FDA Approves First Drug Containing CBD

Jun 27, 2018

The U.S. Food and Drug Administration (FDA) recently approved the drug Epidiolex, which contains cannabidiol (CBD), as an oral solution for the treatment of seizures associated with two rare and severe forms of epilepsy—Lennox-Gastaut syndrome and Dravet syndrome—in patients two years of age and older (1). This marks the first FDA-approved drug that contains a purified drug substance derived from cannabis. It is also the first FDA approval of a drug for the treatment of patients with Dravet syndrome. The approval of Epidiolex was granted to GW Research Ltd.

“This approval serves as a reminder that advancing sound development programs that properly evaluate active ingredients contained in marijuana can lead to important medical therapies. And, the FDA is committed to this kind of careful scientific research and drug development,” said FDA Commissioner Scott Gottlieb, M.D.

According to the FDA’s news release (1), Dravet syndrome is a rare genetic condition that appears during the first year of life with frequent fever-related seizures (febrile seizures). Later, other types of seizures typically arise, including myoclonic seizures (involuntary muscle spasms). Additionally, status epilepticus, a potentially life-threatening state of continuous seizure activity requiring emergency medical care, may occur. Children with Dravet syndrome typically experience poor development of language and motor skills, hyperactivity and difficulty relating to others.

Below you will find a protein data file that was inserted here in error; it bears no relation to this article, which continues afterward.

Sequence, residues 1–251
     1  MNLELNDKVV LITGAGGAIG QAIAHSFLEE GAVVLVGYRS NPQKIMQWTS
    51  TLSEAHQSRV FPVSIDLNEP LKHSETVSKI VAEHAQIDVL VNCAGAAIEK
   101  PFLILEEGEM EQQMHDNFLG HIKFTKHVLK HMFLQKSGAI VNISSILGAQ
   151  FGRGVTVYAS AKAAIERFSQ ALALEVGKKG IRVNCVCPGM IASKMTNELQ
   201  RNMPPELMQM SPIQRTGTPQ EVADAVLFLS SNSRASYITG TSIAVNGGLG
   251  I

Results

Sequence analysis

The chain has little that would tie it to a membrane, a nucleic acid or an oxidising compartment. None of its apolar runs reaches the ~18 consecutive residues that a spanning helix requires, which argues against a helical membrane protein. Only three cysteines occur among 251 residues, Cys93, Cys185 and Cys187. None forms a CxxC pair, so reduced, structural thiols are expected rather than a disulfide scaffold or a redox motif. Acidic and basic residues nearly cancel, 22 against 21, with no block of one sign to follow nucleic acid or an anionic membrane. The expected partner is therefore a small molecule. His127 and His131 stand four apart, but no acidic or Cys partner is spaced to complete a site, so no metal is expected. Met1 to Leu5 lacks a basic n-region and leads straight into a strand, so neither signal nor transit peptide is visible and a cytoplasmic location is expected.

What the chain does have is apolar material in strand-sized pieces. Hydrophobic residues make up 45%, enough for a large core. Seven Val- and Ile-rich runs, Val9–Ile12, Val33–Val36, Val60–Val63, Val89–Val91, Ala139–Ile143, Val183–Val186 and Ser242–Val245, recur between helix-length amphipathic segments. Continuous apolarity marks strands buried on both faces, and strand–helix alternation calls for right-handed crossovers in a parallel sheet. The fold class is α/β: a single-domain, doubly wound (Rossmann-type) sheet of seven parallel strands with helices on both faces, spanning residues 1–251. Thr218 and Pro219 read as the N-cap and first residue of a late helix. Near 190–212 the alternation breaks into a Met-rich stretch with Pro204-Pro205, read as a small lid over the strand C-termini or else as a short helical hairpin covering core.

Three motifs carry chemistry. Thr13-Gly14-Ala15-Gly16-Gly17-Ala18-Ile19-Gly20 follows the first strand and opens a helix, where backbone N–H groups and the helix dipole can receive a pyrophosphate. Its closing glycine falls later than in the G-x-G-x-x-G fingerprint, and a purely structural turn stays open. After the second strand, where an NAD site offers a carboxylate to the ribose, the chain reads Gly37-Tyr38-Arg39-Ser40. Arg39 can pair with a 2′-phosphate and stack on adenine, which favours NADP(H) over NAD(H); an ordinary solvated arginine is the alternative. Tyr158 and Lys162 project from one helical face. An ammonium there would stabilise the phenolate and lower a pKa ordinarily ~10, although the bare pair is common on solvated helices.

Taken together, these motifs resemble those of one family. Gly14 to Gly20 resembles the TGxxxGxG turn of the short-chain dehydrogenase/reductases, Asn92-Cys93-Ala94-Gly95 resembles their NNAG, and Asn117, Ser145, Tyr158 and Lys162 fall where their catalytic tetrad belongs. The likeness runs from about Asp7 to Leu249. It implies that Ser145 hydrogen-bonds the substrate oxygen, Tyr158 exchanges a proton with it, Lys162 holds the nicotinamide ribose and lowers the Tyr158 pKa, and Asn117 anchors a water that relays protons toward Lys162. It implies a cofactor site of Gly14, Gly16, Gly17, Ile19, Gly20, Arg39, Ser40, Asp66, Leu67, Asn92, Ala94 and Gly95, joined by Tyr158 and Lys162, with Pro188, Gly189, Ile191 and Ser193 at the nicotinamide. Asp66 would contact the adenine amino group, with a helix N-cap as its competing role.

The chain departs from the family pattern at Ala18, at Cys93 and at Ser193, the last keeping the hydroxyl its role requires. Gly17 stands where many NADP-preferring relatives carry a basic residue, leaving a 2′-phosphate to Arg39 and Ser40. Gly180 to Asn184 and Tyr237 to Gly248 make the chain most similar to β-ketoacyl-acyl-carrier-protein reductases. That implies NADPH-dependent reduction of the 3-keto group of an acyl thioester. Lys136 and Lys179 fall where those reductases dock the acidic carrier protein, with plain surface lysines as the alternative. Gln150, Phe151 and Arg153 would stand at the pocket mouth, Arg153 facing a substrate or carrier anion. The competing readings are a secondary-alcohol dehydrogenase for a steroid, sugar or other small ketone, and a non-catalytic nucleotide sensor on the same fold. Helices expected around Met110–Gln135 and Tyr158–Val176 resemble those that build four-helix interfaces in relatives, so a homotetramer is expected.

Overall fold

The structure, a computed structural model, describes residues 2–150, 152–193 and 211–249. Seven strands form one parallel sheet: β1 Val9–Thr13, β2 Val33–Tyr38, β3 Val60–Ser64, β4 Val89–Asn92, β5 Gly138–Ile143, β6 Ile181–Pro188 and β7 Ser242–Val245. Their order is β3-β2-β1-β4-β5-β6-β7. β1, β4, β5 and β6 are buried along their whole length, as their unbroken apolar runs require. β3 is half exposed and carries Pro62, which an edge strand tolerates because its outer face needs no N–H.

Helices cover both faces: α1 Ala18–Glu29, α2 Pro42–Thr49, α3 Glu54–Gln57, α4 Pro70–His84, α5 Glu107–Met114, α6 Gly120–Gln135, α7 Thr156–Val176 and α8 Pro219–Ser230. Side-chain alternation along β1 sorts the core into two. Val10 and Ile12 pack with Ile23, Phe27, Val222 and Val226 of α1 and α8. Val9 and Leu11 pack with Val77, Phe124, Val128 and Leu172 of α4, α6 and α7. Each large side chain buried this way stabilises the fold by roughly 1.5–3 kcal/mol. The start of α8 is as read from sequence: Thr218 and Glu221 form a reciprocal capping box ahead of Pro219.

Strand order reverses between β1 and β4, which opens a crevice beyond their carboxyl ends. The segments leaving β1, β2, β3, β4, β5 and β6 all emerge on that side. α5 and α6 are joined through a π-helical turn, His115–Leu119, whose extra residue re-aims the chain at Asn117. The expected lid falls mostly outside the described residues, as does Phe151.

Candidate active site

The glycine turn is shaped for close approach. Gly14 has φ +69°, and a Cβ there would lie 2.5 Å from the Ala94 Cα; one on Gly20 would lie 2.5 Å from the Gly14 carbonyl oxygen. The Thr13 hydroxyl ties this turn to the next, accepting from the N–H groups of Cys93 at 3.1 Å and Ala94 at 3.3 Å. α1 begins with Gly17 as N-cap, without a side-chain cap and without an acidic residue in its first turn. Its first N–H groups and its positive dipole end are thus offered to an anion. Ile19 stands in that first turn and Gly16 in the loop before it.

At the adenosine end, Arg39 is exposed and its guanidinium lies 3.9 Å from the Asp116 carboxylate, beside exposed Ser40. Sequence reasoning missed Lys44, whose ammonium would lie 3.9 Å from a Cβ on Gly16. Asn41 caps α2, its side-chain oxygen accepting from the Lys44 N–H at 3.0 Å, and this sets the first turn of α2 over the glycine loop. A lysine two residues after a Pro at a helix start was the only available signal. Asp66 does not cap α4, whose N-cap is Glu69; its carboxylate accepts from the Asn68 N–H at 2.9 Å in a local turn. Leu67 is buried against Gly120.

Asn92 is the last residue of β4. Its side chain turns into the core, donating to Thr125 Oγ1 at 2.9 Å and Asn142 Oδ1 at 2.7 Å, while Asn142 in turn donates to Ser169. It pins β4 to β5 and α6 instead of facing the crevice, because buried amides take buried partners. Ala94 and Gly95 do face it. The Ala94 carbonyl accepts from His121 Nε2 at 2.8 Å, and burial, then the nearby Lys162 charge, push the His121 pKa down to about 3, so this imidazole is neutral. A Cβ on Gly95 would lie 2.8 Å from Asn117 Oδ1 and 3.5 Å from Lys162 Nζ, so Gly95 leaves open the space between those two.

The other condition Epidiolex was approved for, Lennox-Gastaut syndrome, also begins in childhood. It is characterized by multiple types of seizures. People with Lennox-Gastaut syndrome begin having frequent seizures in early childhood, usually between ages 3 and 5. More than three-quarters of affected individuals have tonic seizures, which cause the muscles to contract uncontrollably. Almost all children with Lennox-Gastaut syndrome develop learning problems and intellectual disability. Many also have delayed development of motor skills such as sitting and crawling. Most people with Lennox-Gastaut syndrome require help with usual activities of daily living.

“The difficult-to-control seizures that patients with Dravet syndrome and Lennox-Gastaut syndrome experience have a profound impact on these patients’ quality of life,” said Billy Dunn, M.D., director of the Division of Neurology Products in the FDA’s Center for Drug Evaluation and Research. “In addition to another important treatment option for Lennox-Gastaut patients, this first-ever approval of a drug specifically for Dravet patients will provide a significant and needed improvement in the therapeutic approach to caring for people with this condition.”

Epidiolex’s effectiveness was studied in three randomized, double-blind, placebo-controlled clinical trials involving 516 patients with either Lennox-Gastaut syndrome or Dravet syndrome. Epidiolex, taken along with other medications, was shown to be effective in reducing the frequency of seizures when compared with placebo. The most common side effects that occurred in Epidiolex-treated patients in the clinical trials were sleepiness, sedation, and lethargy; elevated liver enzymes; decreased appetite; diarrhea; rash; fatigue, malaise, and weakness; insomnia, sleep disorder, and poor quality sleep; and infections.

For more information, please see the full news release from the FDA (1).

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